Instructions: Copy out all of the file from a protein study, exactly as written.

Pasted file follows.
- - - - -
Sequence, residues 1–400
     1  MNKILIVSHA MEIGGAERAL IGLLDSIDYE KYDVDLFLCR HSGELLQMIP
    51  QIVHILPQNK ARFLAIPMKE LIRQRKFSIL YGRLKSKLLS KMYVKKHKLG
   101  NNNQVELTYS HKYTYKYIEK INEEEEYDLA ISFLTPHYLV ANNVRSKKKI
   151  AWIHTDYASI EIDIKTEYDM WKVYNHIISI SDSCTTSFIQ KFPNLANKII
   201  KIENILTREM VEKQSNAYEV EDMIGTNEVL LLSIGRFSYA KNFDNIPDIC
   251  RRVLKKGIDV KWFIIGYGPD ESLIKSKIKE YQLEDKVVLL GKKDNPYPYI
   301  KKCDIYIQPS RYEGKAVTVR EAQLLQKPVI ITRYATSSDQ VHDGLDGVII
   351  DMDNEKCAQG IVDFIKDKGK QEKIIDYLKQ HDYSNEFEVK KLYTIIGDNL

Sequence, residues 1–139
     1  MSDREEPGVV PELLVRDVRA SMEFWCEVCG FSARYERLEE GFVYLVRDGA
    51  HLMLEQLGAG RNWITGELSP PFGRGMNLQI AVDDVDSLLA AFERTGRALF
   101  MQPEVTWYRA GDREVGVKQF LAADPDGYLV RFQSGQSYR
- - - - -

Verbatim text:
Sequence, residues 1–400
     1  MNKILIVSHA MEIGGAERAL IGLLDSIDYE KYDVDLFLCR HSGELLQMIP
    51  QIVHILPQNK ARFLAIPMKE LIRQRKFSIL YGRLKSKLLS KMYVKKHKLG
   101  NNNQVELTYS HKYTYKYIEK INEEEEYDLA ISFLTPHYLV ANNVRSKKKI
   151  AWIHTDYASI EIDIKTEYDM WKVYNHIISI SDSCTTSFIQ KFPNLANKII
   201  KIENILTREM VEKQSNAYEV EDMIGTNEVL LLSIGRFSYA KNFDNIPDIC
   251  RRVLKKGIDV KWFIIGYGPD ESLIKSKIKE YQLEDKVVLL GKKDNPYPYI
   301  KKCDIYIQPS RYEGKAVTVR EAQLLQKPVI ITRYATSSDQ VHDGLDGVII
   351  DMDNEKCAQG IVDFIKDKGK QEKIIDYLKQ HDYSNEFEVK KLYTIIGDNL

Sequence, residues 1–139
     1  MSDREEPGVV PELLVRDVRA SMEFWCEVCG FSARYERLEE GFVYLVRDGA
    51  HLMLEQLGAG RNWITGELSP PFGRGMNLQI AVDDVDSLLA AFERTGRALF
   101  MQPEVTWYRA GDREVGVKQF LAADPDGYLV RFQSGQSYR